Scientists at Columbia University have developed an algorithm that improves the accuracy of predicting extreme weather events. The algorithm addresses the issue of cloud organization, which has been lacking in traditional climate models. Cloud organization plays a crucial role in predicting precipitation intensity and variability.
The research team, led by Pierre Gentine, director of the Learning the Earth with Artificial Intelligence and Physics (LEAP) Center at Columbia University, utilized global storm-resolving simulations and machine learning techniques to create an algorithm capable of handling two distinct scales of cloud organization: those that can be resolved by climate models and those that are too small to be resolved.
Their groundbreaking findings have been published in the prestigious journal Proceedings of the National Academy of Sciences (PNAS). Accurate weather predictions have become increasingly important in light of the rising frequency of extreme weather events caused by global warming.
While precipitation in nature exhibits significant variability, climate models tend to underestimate this variability and often bias towards light rain. Consequently, accurately predicting precipitation intensity, particularly during extreme events, has proven challenging.
Pierre Gentine, a professor of Geophysics at Columbia University, expressed excitement about the study’s results, stating, “Our findings are especially exciting because, for many years, the scientific community has debated whether to include cloud organization in climate models.” He added, “Our work provides an answer to the debate and a novel solution for including organization, showing that including this information can significantly improve our prediction of precipitation intensity and variability.”
To achieve these improved predictions, Sarah Shamekh, a PhD student working with Gentine, developed a neural network algorithm that harnesses the power of machine learning. This algorithm learns the relationship between fine-scale cloud organization and precipitation.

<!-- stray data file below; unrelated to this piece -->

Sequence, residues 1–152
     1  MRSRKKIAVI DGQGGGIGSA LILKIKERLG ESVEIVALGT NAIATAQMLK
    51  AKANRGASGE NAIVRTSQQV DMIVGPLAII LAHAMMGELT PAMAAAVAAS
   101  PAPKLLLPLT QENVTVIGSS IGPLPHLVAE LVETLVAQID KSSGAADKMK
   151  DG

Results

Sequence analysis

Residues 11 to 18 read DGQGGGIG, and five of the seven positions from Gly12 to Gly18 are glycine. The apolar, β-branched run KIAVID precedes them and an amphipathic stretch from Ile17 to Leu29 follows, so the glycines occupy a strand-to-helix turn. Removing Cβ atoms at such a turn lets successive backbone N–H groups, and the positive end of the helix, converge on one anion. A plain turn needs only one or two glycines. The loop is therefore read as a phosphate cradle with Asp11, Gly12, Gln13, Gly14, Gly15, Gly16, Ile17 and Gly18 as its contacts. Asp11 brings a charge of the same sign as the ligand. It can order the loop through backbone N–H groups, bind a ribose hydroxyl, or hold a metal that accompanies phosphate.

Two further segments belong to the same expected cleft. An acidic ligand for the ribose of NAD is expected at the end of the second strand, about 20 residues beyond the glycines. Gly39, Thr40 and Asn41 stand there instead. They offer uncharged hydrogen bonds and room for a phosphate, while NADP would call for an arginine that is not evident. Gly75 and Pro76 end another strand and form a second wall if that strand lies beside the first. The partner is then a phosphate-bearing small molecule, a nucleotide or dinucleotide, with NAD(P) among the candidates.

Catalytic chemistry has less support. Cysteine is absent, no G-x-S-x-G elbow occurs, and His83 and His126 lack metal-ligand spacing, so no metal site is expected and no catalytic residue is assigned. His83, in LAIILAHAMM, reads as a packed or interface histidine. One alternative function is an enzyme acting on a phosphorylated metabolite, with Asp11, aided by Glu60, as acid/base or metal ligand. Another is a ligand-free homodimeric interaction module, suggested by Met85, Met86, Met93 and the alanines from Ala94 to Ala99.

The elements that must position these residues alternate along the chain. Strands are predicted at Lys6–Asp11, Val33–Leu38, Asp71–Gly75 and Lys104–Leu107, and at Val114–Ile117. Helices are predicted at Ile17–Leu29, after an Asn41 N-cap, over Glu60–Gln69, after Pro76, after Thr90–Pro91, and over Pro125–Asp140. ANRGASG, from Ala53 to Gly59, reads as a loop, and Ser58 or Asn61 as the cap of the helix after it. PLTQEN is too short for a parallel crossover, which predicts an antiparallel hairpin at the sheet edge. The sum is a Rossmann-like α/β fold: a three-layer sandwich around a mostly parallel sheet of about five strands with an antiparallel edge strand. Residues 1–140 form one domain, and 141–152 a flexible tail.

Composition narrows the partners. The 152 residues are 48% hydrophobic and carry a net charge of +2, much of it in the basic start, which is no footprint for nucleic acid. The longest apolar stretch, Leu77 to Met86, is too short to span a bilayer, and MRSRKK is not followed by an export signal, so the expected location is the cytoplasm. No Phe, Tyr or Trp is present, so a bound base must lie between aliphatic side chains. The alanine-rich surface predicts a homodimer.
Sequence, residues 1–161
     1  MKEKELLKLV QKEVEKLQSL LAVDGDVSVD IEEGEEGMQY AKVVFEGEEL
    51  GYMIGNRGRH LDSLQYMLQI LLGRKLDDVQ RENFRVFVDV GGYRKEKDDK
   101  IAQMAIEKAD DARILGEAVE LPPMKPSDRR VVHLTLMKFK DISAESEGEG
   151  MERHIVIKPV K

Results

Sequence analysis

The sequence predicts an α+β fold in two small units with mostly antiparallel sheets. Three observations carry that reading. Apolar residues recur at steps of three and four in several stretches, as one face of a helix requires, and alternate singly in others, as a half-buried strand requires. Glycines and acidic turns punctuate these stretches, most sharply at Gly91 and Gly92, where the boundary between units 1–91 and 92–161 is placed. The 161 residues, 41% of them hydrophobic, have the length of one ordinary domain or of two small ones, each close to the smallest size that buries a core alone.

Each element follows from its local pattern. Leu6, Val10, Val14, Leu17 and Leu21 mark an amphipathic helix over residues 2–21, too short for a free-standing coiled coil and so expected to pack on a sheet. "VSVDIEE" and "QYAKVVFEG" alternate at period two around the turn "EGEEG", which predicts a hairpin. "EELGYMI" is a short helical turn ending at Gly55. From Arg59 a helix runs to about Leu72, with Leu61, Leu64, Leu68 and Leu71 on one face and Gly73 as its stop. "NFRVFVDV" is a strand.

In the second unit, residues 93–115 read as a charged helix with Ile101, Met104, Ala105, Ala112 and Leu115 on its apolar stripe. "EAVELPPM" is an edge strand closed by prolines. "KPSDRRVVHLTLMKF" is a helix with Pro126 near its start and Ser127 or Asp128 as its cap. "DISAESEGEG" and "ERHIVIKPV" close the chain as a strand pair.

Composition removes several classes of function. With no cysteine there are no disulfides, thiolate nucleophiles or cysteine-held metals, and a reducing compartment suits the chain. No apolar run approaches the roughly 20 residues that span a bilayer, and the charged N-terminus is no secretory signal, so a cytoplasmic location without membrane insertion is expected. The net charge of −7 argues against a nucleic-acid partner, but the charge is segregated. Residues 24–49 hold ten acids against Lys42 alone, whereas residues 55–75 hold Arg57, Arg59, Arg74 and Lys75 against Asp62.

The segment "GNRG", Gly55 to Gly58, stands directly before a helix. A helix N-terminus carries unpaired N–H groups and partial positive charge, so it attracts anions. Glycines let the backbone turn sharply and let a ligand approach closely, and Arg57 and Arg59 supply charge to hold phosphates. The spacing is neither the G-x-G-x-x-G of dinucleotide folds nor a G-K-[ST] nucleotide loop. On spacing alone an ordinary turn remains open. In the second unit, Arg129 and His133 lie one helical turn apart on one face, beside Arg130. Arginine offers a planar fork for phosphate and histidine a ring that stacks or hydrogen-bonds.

The algorithm autonomously measures the clustering of clouds, a key metric of cloud organization, and employs this metric to enhance precipitation predictions. Shamekh trained the algorithm using a high-resolution moisture field that encodes the level of small-scale organization.
The study’s lead author, Sarah Shamekh, explained, “We discovered that our organization metric explains precipitation variability almost entirely and could replace a stochastic parameterization in climate models.” She further highlighted that including this information significantly improved precipitation predictions, accurately forecasting extremes and spatial variability.
This groundbreaking research not only improves weather prediction accuracy but also opens up new avenues of investigation. The researchers are now exploring the concept of precipitation memory, wherein the atmosphere retains information about recent weather conditions, influencing future atmospheric conditions within the climate system.
The implications of this research extend beyond weather prediction, with potential applications in modeling ice sheets and ocean surfaces. By incorporating cloud organization into climate models, scientists are taking a significant step towards better understanding and mitigating the impacts of extreme weather events driven by climate change.